Spring 2019 Issue
Volume 60, Issue # 3

Access the full Table of Contents below.
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Special Report: Leading Digital Change

The Only Way Manufacturers Can Survive

The Only Way Manufacturers Can Survive

For industrial manufacturers, digital transformation is the only way to stay alive.

How Digital Leadership Is(n’t) Different

How Digital Leadership Is(n’t) Different

Leaders need a blend of traditional and new skills to steer their organizations into the future.

It Pays to Have a Digitally Savvy Board

It Pays to Have a Digitally Savvy Board

Having board members with digital business experience is a new financial performance differentiator.

“Leading Digital Change”

This collection of MIT SMR articles offers hints for leaders on what to expect and how to overcome the hurdles as they integrate digital into their business model. (Registration required.)

Articles included in this collection:

The Only Way Manufacturers Can Survive
By Vijay Govindarajan and Jeffrey R. Immelt
 
How Digital Leadership Is(n’t) Different
By Gerald C. Kane, Anh Nguyen Phillips, Jonathan Copulsky, and Garth Andrus
 
It Pays to Have a Digitally Savvy Board
By Peter Weill, Thomas Apel, Stephanie L. Woerner, and Jennifer S. Banner

Leading Digital Change - PDF

Deloitte

Free download of this collection MIT SMR articles is brought to you by Deloitte.

From the Editor

Growth Is Not a Zero-Sum Game

March 12, 2019 | Lisa Burrell

The Spring 2019 issue of MIT SMR takes a close look at market evolution and growth. Does a disruptive industry’s success necessarily come at the expense of another entity? Or are there mechanisms to business growth that can expand opportunities without (necessarily) spelling doom to existing systems?

Features

What to Do When Industry Disruption Threatens Your Career

If your industry faces disruption, first diagnose the volatility. Then act preemptively to disrupt your own career.

A Structured Approach to Strategic Decisions

A rigorous process for navigating strategic decisions can mitigate errors and improve judgment.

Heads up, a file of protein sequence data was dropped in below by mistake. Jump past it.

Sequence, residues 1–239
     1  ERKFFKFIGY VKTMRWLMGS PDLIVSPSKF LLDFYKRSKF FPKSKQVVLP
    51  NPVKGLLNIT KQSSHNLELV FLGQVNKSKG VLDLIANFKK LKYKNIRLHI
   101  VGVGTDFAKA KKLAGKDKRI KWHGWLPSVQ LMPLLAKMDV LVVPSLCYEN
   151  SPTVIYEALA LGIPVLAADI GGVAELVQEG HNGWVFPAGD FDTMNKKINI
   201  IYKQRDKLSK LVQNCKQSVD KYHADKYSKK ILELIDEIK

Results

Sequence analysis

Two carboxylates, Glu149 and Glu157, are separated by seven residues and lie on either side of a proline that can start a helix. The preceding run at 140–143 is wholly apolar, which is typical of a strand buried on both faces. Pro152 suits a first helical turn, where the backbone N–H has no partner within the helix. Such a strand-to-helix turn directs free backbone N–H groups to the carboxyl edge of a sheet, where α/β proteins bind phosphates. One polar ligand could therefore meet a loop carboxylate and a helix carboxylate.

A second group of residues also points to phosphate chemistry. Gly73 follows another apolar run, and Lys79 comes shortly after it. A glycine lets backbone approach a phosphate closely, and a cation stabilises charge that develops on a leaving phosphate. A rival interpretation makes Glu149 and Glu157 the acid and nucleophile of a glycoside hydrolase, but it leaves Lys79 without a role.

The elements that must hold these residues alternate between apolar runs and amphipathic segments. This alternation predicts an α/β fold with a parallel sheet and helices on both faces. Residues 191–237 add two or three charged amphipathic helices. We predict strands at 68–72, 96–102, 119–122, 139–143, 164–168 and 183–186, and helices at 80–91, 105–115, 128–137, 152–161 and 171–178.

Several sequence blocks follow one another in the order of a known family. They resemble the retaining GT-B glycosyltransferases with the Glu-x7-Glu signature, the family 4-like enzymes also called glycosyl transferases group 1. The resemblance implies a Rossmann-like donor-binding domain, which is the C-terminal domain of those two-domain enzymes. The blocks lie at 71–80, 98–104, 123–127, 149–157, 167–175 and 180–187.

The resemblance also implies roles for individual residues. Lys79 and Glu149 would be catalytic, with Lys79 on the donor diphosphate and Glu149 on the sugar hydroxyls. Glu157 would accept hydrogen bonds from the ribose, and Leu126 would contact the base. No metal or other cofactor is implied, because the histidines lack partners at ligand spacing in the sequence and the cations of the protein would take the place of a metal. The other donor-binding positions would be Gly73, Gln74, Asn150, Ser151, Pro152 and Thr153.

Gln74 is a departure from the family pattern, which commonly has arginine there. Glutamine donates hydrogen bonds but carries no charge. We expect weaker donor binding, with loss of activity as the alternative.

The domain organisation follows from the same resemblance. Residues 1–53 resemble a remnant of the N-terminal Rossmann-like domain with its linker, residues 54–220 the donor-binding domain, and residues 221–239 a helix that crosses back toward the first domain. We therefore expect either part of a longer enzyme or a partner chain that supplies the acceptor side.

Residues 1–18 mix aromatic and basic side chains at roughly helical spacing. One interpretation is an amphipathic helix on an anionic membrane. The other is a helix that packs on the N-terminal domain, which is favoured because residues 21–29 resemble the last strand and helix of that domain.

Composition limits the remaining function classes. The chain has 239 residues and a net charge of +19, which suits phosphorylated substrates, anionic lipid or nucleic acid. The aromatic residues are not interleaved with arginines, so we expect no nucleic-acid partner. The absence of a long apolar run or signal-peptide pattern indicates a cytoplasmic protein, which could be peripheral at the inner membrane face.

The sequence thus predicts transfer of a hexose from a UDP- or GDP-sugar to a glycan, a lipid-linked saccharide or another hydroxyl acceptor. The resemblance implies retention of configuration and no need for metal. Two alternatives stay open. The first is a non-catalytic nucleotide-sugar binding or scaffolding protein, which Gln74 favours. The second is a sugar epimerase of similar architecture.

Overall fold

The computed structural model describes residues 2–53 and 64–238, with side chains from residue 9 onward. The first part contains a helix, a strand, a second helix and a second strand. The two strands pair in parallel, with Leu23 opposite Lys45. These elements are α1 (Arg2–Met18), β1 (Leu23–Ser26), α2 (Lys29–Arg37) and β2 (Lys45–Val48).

Understanding China’s Next Wave of Innovation

Thousands of emerging innovators in China pose a threat to established multinationals.

When Patients Become Innovators

Health care consumers are contributing their skills, money, and time to develop effective solutions.

Cover Story

Nondisruptive Creation: Rethinking Innovation and Growth

February 21, 2019 | W. Chan Kim and Renée Mauborgne

Many people have come to view disruption as a synonym for innovation. This single-minded focus leads companies to overlook an alternative path to growth: the nondisruptive creation of brand-new markets where none existed before. It’s time to embrace the idea that companies can create without destroying — and expand the conversation about the problems they can solve and the opportunities they can seize.

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Frontiers

Exploring the Digital Future of Management

Columns

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Executive Briefings

An Executive Guide to the Spring 2019 Issue

March 12, 2019 | MIT Sloan Management Review

Advice for shielding your company — and career — from disruption. A step-by-step structured decision-making process. Entrepreneurship in China and medical innovations from patients. That’s what you’ll find in MIT SMR’s Spring issue.

How to Get Others to Adopt Your Recommendation

  • Blog
  • Read Time: 6 min 

When a business is growing fast, decisions can get lost in the fray — especially if it’s unclear that a decision even needs to be made. People in the workplace bring recommendations to four audiences: a manager or top executive (those who approve a recommendation), and peers or a broader set of stakeholders (those who execute a recommendation). To sell an idea and get others to take action, you have to understand what your particular audience needs to hear.